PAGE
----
You May Like

China Investigates Former Powerful Security Chief

Former security chief and member of Politburo Standing Committee, Zhou Yongkang, under investigation for suspected 'serious disciplinary violation' More

India, US Look to Reset Ties During Kerry Visit

This week's talks will be first high level interaction between two countries since Prime Minister Narendra Modi took charge More

Video Young African Leadership Program Renamed to Honor Mandela

YALI program, launched by President Obama in 2010, aims to build skills in business, entrepreneurship, public management and civic leadership More

This forum has been closed.
Comments
     
There are no comments in this forum. Be first and add one

Featured Videos

Your JavaScript is turned off or you have an old version of Adobe's Flash Player. Get the latest Flash player.
Vietnamese Staging Chinese Product Boycott After Oil Rig Spati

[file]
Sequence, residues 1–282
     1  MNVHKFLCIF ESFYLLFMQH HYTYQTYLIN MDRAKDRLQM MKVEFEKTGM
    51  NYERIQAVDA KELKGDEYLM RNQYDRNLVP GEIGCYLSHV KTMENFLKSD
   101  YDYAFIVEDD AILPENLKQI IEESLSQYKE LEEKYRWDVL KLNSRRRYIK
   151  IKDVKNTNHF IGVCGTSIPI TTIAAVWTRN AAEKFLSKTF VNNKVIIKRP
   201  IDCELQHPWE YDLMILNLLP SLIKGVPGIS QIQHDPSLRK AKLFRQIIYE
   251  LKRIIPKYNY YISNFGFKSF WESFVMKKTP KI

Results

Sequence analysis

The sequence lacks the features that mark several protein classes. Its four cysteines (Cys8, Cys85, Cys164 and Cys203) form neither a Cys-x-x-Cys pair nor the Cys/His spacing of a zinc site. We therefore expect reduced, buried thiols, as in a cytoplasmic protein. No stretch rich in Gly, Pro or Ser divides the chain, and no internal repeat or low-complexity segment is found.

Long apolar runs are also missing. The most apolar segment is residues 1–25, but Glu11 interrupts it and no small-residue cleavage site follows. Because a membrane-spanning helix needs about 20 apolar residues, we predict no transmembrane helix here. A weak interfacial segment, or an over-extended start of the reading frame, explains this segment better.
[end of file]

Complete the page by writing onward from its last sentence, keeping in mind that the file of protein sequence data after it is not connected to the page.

X
Reasey Poch
July 28, 2014 7:18 PM
China recently pulled an oil rig from an area of the disputed South China Sea that Vietnam also claims. Despite the action, the incident has had a lingering effect on consumers in Vietnam. VOA's Reasey Poch reports from Hanoi on an effort to boycott Chinese products.
Video

Video Vietnamese Staging Chinese Product Boycott After Oil Rig Spat

China recently pulled an oil rig from an area of the disputed South China Sea that Vietnam also claims. Despite the action, the incident has had a lingering effect on consumers in Vietnam. VOA's Reasey Poch reports from Hanoi on an effort to boycott Chinese products.
Video

Video ESA Spacecraft to Land on a Comet

After a long flight through deep space, a European Space Agency probe is finally approaching its target -- a comet millions of kilometers away from earth. Scientists say the mission may lead to some startling discoveries about the origins of the water on earth. VOA’s George Putic has more.